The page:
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LEARNING TO VALUE A DOLLAR
I was awake one night and turned on my radio, and I heard them announce that Sam Walton was the richest man in America. And I thought, ‘Sam Walton. Why, he was in my class.’ And I got so excited.”
former history and speech teacher at Hickman High School in Columbia, Missouri
Success has always had its price, I guess, and I learned that lesson the hard way in October of 1985 when Forbes magazine named me the so-called “richest man in America.” Well, it wasn’t too hard to imagine all those newspaper and TV folks up in New York saying “Who?” and “He lives where?” The next thing we knew, reporters and photographers started flocking down here to Bentonville, I guess to take pictures of me diving into some swimming pool full of money they imagined I had, or to watch me light big fat cigars with $100 bills while the hootchy-kootchy girls danced by the lake.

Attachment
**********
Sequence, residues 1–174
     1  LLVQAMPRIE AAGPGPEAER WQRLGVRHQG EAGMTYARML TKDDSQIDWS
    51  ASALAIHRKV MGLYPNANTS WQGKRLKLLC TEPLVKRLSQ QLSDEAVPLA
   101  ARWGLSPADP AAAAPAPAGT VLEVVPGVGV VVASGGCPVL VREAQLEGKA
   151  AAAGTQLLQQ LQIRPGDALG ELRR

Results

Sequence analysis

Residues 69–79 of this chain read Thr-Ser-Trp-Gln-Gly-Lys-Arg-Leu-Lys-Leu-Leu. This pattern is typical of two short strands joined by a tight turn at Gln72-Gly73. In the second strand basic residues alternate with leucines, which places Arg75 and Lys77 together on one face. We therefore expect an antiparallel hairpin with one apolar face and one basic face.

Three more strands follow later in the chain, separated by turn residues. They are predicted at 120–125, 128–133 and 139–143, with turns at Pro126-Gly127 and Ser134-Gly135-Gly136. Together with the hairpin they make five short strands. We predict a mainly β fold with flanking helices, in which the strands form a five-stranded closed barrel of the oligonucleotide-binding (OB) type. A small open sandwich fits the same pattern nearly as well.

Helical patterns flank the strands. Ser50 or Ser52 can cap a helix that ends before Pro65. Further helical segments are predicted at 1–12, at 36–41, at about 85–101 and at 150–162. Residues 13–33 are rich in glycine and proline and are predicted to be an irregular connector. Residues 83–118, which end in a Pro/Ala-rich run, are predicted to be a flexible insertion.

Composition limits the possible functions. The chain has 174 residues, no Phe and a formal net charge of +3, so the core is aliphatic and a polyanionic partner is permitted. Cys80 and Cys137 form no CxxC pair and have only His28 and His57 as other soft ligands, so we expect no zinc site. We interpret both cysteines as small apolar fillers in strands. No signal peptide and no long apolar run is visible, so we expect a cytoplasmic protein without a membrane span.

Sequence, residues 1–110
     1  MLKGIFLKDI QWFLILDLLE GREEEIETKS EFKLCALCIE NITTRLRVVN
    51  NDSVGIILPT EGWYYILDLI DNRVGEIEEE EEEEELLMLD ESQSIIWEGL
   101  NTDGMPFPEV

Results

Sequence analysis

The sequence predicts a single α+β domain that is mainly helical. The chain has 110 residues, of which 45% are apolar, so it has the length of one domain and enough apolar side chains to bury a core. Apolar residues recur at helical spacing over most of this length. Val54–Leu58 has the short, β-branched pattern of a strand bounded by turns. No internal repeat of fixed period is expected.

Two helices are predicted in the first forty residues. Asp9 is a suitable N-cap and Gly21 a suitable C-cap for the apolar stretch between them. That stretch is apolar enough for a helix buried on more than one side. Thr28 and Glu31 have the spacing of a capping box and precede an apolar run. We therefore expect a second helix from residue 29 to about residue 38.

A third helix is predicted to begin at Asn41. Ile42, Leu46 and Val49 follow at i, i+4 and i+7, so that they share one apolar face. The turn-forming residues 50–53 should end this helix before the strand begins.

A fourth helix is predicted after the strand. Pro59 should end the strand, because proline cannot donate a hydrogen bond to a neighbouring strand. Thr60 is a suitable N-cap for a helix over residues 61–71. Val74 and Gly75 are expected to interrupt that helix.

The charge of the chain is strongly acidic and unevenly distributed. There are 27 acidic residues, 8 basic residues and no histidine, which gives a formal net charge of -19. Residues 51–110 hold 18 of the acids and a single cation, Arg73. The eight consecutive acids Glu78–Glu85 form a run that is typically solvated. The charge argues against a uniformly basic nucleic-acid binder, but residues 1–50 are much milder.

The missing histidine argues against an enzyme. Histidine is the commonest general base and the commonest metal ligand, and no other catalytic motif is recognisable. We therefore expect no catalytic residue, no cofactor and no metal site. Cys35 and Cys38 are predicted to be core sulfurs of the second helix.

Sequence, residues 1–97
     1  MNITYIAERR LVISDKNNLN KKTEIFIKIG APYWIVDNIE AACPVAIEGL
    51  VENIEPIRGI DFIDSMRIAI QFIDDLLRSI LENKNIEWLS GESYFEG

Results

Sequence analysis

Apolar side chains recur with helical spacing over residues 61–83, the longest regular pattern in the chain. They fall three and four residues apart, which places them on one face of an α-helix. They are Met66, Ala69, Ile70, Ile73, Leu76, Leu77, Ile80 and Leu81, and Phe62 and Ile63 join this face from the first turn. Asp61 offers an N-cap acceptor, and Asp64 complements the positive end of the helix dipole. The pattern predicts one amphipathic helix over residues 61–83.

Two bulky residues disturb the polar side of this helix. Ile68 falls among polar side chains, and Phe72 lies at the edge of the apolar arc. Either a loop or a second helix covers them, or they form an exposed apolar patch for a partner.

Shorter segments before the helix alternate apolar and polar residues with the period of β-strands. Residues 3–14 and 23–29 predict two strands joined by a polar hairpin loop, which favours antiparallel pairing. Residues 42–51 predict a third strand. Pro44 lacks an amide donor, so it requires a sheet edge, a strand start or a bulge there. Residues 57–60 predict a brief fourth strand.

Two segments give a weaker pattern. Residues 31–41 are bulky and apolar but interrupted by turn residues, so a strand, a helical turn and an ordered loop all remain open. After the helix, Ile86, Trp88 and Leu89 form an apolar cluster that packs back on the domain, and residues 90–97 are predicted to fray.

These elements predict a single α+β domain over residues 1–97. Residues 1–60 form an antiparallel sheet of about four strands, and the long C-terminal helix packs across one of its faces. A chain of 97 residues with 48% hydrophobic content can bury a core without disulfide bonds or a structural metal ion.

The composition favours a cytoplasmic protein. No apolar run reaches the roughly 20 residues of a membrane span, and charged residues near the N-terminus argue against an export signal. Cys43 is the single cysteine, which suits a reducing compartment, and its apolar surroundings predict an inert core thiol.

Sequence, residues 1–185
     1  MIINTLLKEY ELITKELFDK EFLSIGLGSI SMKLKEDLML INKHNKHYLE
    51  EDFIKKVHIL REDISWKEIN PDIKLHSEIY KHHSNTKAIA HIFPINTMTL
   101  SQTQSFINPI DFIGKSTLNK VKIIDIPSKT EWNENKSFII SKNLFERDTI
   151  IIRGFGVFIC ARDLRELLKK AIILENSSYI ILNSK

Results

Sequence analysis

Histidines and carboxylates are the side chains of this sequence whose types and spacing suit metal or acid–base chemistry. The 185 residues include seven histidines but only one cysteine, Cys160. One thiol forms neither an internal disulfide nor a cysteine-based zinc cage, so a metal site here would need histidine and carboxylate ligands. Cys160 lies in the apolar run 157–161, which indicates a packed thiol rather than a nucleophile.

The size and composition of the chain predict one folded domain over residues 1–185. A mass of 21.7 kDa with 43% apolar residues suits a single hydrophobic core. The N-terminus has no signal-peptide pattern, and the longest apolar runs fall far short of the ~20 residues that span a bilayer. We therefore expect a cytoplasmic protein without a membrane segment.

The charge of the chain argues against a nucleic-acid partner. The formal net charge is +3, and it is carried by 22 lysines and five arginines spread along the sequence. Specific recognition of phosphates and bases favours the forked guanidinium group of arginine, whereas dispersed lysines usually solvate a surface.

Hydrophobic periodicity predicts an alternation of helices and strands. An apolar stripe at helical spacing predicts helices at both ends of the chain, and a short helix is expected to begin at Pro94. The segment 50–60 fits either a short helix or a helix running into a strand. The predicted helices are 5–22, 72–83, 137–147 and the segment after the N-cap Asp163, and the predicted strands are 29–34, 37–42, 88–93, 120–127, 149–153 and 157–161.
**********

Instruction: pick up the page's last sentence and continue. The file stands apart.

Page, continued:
I really don’t know what they thought, but I wasn’t about to cooperate with them. So they found out all these exciting things about me, like: I drove an old pickup truck with cages in the back for my bird dogs, or I wore a Wal-Mart ball cap, or I got my hair cut at the barbershop just off the town square—somebody with a telephoto lens even snuck up and took a picture of me in the barber chair, and it was in newspapers all over the country. Then folks we’d never heard of started calling us and writing us from all over the world and coming here to ask us for money. Many of them represented worthy causes, I’m sure, but we also heard from just about every harebrained, cockamamy schemer in the world. I remember one letter from a woman who just came right out and said, “I’ve never been able to afford the $100,000 house I’ve always wanted. Will you give me the money?” They still do it to this day, write or call asking for a new car, or money to go on a vacation, or to get some dental work—whatever comes into their minds.